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School Can’t Get Rid of Jose--He Likes It!

Times Staff Writer

Last June, 12-year-old Jose Marin had the kind of sixth-grade graduation that kids from the tough Pacoima housing project where he lives only dream about.

The faculty of Pacoima Elementary School voted him the outstanding graduate. He was president of the student council. And after months of saving, his parents gave him $100 in cash as a gift.

Jose easily could have spent the summer resting on his laurels. Instead, on the Monday following graduation, he went back to Pacoima Elementary and volunteered to work.

“It was unexpected and unprecedented,” said Principal Robert E. Owens. “He came into the office and asked if he could help. He’s been here every day since.”

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Jose, the oldest of four children, quickly became one of the school’s most reliable workers, staff members say. He spends seven hours a day helping in the office, running errands, selling lunch tickets and working in the cafeteria. If there is an odd job around the campus, Jose is there with ready hands and a willing heart.

“We don’t have any money to pay him; I wish we did,” Owens said with a sigh. “The staff is trying to come up with ideas for some kind of reward.”

“In September, he starts junior high school. We were thinking of buying all of his school supplies as a way of saying thank you.”

But Jose said that no one needs to thank him, and that just being on the Pacoima campus during the day has been reward enough.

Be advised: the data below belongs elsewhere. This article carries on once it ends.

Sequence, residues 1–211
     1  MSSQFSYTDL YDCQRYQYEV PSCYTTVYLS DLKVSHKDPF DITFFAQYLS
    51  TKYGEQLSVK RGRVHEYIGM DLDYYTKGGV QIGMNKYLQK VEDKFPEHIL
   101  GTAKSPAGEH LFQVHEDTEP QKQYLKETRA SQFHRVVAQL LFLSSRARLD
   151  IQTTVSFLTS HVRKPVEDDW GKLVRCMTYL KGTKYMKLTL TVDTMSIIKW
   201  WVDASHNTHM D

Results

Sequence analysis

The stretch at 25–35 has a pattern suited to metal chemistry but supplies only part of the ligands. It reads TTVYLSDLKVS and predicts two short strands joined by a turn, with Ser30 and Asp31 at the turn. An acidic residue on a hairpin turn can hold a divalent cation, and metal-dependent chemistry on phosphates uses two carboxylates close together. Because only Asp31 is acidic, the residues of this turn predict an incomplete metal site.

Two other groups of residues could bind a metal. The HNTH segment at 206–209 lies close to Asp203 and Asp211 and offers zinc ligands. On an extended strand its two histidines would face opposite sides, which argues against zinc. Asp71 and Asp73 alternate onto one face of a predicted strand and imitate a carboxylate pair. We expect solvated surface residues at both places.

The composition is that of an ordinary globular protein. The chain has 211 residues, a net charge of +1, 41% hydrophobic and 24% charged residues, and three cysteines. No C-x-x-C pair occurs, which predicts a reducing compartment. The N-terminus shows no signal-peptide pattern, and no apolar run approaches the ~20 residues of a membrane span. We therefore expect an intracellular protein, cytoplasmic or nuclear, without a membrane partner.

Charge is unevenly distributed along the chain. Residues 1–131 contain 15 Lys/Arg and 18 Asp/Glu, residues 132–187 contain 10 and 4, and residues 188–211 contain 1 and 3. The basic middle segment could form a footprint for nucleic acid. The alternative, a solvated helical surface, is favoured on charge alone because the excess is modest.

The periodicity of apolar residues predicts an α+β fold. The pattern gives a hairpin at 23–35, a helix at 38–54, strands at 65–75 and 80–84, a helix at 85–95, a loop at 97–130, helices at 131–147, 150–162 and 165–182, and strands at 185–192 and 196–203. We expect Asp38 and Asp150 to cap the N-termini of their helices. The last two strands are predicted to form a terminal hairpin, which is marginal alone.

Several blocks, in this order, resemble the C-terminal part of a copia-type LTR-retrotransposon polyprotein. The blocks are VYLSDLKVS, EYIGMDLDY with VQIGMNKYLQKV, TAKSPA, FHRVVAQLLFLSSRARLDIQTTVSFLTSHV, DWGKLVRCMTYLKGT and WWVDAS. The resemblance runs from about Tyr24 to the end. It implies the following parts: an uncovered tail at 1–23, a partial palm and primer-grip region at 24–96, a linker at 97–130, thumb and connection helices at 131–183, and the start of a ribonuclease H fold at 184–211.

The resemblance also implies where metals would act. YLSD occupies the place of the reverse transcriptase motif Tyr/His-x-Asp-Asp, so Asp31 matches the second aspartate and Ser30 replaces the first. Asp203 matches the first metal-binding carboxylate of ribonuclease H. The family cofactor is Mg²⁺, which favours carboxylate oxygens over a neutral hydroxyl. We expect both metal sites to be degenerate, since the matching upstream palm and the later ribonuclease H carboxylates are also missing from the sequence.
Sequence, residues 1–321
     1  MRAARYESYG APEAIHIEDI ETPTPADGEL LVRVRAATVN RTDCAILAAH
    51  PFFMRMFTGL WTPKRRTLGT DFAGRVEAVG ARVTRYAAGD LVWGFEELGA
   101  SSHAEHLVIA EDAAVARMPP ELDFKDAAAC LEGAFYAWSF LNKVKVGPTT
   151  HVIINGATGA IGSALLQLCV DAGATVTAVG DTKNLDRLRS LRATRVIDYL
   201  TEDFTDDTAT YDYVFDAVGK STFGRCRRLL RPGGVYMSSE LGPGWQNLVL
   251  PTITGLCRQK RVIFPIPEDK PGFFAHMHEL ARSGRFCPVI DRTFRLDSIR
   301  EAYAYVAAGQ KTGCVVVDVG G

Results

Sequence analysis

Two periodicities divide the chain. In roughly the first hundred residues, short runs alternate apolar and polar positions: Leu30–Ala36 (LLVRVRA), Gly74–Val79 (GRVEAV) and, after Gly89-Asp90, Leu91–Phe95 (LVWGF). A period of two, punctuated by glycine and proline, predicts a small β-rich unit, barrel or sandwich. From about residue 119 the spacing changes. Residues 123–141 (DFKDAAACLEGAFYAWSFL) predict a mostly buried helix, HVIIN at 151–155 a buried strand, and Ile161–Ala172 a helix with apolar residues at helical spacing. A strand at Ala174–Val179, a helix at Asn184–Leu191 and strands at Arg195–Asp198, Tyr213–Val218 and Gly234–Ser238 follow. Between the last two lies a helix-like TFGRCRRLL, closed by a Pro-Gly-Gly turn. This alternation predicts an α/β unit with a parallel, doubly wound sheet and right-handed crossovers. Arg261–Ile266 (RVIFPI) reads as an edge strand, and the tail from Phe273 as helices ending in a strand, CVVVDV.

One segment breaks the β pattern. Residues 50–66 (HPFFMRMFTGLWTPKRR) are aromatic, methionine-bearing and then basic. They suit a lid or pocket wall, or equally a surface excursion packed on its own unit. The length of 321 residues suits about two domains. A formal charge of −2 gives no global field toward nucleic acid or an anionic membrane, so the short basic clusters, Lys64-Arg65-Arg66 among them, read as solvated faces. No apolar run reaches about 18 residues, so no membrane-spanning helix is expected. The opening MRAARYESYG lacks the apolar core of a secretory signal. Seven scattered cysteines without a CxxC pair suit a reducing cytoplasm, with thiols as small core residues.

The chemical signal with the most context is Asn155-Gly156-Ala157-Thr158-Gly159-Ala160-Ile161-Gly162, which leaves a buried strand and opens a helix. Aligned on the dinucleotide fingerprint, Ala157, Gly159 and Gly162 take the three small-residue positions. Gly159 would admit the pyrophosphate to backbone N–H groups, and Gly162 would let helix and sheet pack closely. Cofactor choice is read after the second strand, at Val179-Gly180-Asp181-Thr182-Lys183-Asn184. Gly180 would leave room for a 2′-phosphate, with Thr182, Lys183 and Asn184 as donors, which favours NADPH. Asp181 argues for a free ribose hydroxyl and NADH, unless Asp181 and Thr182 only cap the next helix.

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“Coming here gives me something to do,” the boy said recently during a short break.

“During the day, there’s nothing to do in the projects except watch TV. My brothers and sister are here at school. So are my friends. It gets boring at home by myself. So, I came over here to see what I could do.”

School staff members found out that Jose can fill out inventory forms needed to keep track of food stored in the cafeteria’s large freezers. He can build props and sets for school plays. He can sell ice cream during lunchtime and work as a playground monitor during recess. And more.

When he gets a break in his duties, Jose sometimes slips into the school’s computer center and works with the terminals. He has written a couple of his own computer programs and tutors younger children in the center.

Jose said he will miss his old school when he starts attending Charles Maclay Junior High next week, but vows to return in mid-September when his alma mater holds its annual celebration for Mexican Independence Day.

“He’s just a great, dependable all-around young man. I just can’t say enough about him,” Owens said.


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